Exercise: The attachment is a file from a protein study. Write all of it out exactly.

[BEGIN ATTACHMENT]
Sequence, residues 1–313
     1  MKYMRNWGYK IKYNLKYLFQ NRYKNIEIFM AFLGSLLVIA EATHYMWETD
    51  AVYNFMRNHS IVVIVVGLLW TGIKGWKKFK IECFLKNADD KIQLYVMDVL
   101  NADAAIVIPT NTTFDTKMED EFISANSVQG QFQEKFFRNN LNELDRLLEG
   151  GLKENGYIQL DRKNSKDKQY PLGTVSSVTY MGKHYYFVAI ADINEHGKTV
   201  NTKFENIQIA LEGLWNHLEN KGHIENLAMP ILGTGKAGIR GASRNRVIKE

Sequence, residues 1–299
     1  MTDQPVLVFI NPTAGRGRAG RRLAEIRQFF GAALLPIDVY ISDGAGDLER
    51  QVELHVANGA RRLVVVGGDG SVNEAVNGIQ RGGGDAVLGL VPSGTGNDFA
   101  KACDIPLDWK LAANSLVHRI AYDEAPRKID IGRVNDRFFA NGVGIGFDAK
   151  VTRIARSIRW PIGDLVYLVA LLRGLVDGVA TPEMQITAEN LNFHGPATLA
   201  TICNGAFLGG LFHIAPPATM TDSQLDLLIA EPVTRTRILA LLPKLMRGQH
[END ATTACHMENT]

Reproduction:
Sequence, residues 1–313
     1  MKYMRNWGYK IKYNLKYLFQ NRYKNIEIFM AFLGSLLVIA EATHYMWETD
    51  AVYNFMRNHS IVVIVVGLLW TGIKGWKKFK IECFLKNADD KIQLYVMDVL
   101  NADAAIVIPT NTTFDTKMED EFISANSVQG QFQEKFFRNN LNELDRLLEG
   151  GLKENGYIQL DRKNSKDKQY PLGTVSSVTY MGKHYYFVAI ADINEHGKTV
   201  NTKFENIQIA LEGLWNHLEN KGHIENLAMP ILGTGKAGIR GASRNRVIKE

Sequence, residues 1–299
     1  MTDQPVLVFI NPTAGRGRAG RRLAEIRQFF GAALLPIDVY ISDGAGDLER
    51  QVELHVANGA RRLVVVGGDG SVNEAVNGIQ RGGGDAVLGL VPSGTGNDFA
   101  KACDIPLDWK LAANSLVHRI AYDEAPRKID IGRVNDRFFA NGVGIGFDAK
   151  VTRIARSIRW PIGDLVYLVA LLRGLVDGVA TPEMQITAEN LNFHGPATLA
   201  TICNGAFLGG LFHIAPPATM TDSQLDLLIA EPVTRTRILA LLPKLMRGQH